THE NOMINATION IS THE REWARD:
Stanley Tucci (The Lovely Bones)

 

 

Best Supporting Actress

 

WILL WIN:
Mo'Nique (Precious: Based on the Novel Push by Sapphire)
She gives, in my estimation, the best of all 20 nominated performances.

 

THE SPOILER:
Anna Kendrick (Up in the Air)
Kendrick worries me a little. If there is an acting category that the Academy takes the least seriously, it's this one. They've been known to throw curveballs here, and they love pretty young things. It's almost like this category is their way to have fun with the audience. Or at least it was in the 1990s. Remember Anna Paquin hyperventilating when she won for The Piano? Or Juliette Binoche (The English Patient) trumping screen legend Lauren Bacall (The Mirror Has Two Faces)?

 

SORRY, YOU ALREADY WON:
Penélope Cruz is messy, sexy, and neurotically funny in Vicky Cristina Barcelona—excuse me—Nine.

 

WHAT HAPPENED?
Vera Farmiga (Up in the Air) is spectacularly sexy, Clooney-compatible, confident, and best-in-her-show. So why is her co-star getting more awards traction? It's a mystery.

 

THE NOMINATION IS THE REWARD:
Maggie Gyllenhaal (Crazy Heart)

 

 

Best Actor

 

WILL WIN:
Jeff Bridges (Crazy Heart)
Bridges has been working his way towards an Oscar for 40 years now. There's a trail of superb performances behind him and (hopefully) many more to come. Now that he's front and center in a baity role (alcoholic musician), they'll feel it's time.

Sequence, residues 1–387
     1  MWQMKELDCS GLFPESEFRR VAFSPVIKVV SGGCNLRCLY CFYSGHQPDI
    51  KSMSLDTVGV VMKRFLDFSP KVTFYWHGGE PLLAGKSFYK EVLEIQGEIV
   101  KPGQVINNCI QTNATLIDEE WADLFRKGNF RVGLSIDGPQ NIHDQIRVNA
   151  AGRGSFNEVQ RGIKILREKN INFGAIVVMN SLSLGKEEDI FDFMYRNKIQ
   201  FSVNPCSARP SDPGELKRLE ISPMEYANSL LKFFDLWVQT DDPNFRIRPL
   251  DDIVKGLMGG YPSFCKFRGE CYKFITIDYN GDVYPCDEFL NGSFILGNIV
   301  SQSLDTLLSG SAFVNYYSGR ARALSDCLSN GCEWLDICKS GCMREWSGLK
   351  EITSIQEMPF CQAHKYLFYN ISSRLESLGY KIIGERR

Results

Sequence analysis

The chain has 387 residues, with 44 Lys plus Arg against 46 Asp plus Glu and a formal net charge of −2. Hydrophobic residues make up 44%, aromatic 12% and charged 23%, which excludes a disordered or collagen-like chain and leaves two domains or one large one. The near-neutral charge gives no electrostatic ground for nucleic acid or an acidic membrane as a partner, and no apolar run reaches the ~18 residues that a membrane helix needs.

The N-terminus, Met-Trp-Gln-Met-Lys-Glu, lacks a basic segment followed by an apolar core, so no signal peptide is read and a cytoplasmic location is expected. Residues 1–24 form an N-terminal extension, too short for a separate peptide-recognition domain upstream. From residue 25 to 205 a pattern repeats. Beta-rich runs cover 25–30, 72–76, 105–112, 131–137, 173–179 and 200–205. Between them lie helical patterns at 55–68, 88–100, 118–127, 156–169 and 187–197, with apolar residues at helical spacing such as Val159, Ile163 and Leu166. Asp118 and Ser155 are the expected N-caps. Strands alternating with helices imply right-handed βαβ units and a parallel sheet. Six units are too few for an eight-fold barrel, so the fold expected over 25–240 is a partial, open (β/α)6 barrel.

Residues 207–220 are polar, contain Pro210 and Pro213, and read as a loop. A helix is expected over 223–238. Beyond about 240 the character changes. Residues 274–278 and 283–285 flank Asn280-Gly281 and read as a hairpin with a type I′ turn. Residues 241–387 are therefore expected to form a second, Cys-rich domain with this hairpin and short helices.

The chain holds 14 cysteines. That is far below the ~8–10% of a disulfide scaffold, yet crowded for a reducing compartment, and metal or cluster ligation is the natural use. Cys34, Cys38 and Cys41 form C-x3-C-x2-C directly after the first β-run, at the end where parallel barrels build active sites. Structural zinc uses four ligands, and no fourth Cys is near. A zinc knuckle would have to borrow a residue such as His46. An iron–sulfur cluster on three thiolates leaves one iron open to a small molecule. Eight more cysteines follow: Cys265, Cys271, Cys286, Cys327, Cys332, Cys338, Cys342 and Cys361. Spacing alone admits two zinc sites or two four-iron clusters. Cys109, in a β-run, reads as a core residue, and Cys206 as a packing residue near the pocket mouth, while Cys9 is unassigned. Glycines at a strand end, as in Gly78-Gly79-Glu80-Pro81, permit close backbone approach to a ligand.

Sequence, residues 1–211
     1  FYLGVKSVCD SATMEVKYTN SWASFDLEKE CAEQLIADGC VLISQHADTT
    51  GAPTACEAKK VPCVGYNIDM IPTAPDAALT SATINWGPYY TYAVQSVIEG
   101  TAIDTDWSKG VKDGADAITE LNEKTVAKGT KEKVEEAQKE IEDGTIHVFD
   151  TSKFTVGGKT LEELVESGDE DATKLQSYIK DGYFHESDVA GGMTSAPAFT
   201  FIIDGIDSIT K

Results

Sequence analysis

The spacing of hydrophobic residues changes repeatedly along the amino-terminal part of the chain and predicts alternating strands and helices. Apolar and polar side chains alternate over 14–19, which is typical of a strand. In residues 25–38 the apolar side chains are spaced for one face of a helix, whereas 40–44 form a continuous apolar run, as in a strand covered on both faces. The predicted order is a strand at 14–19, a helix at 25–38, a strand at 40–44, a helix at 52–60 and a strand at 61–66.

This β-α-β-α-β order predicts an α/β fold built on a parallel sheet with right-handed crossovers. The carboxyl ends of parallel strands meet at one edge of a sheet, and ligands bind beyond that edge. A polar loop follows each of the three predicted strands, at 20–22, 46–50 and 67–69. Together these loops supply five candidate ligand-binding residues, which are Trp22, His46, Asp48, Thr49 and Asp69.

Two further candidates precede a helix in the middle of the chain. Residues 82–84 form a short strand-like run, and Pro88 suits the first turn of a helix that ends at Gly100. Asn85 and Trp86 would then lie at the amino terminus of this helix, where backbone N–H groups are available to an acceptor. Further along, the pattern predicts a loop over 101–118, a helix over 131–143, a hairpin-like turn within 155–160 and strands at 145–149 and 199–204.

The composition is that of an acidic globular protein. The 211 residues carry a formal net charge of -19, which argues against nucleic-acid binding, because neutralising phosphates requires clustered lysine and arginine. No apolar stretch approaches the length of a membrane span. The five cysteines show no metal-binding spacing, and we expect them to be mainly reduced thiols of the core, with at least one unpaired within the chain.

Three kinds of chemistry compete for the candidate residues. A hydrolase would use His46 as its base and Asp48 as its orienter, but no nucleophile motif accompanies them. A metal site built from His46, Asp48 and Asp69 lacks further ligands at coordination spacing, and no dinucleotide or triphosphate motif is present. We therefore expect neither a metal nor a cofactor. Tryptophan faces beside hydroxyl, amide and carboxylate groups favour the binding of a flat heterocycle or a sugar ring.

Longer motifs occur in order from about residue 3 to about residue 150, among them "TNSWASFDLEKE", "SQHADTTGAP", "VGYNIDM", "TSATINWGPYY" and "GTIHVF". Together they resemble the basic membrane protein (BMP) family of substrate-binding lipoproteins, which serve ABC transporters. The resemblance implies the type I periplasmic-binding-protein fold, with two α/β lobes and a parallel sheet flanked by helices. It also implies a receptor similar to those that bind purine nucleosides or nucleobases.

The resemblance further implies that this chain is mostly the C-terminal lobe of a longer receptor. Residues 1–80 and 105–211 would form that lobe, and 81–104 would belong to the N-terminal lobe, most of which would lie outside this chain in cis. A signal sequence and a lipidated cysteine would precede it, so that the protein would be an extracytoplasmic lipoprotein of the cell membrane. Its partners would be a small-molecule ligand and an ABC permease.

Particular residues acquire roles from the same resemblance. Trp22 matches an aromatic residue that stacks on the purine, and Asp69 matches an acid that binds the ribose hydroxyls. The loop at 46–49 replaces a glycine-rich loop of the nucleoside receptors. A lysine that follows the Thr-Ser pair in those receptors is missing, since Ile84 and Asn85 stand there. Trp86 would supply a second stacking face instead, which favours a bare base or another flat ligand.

THE SPOILER:
Before Bridges's film finally confirmed a 2009 release, Colin Firth (A Single Man) was looking like the one to beat for his grieving gay professor.

 

SORRY, YOU ALREADY WON: George Clooney
(Up in the Air) and Morgan Freeman (Invictus)

 

THE NOMINATION IS THE REWARD:
Jeremy Renner (The Hurt Locker)
This performance will get Renner the career boost he's long deserved.

 

 

Best Actress

 

WHO WILL WIN?
I'm not ready to say Sandra Bullock (The Blind Side) with any certainty, though she has the current heat. If there's anyone as overdue as Jeff Bridges in this year's competitive pool, it's Meryl Streep (Julie & Julia). While it's true that she has two Oscars, she won them both in the first five years of her career. They threw gold at her for warming up and never for actually being the legend she became.

 

SORRY, YOU ALREADY WON:
Helen Mirren (The Last Station)

 

THE NOMINATION IS THE REWARD:
Carey Mulligan (An Education) will be back to the race rather quickly—just wait and see. Gabby Sidibe (Precious: Based on the Novel Push by Sapphire) won a dream role for her screen debut and did it justice.

 


 

So... Sandy or Streep? Or do you think there's more suspense here than previous awards shows have let on?

 

Nathaniel Rogers blogs on The Film Experience. He is also a bit of an Oscar savant.

 

More in this series:
The Oscar Combination
Oscars: The Best of... Everything?
The Peoples' Globes
Sundance: The Oscar Connection
Oscar Noms: Ten Talking Points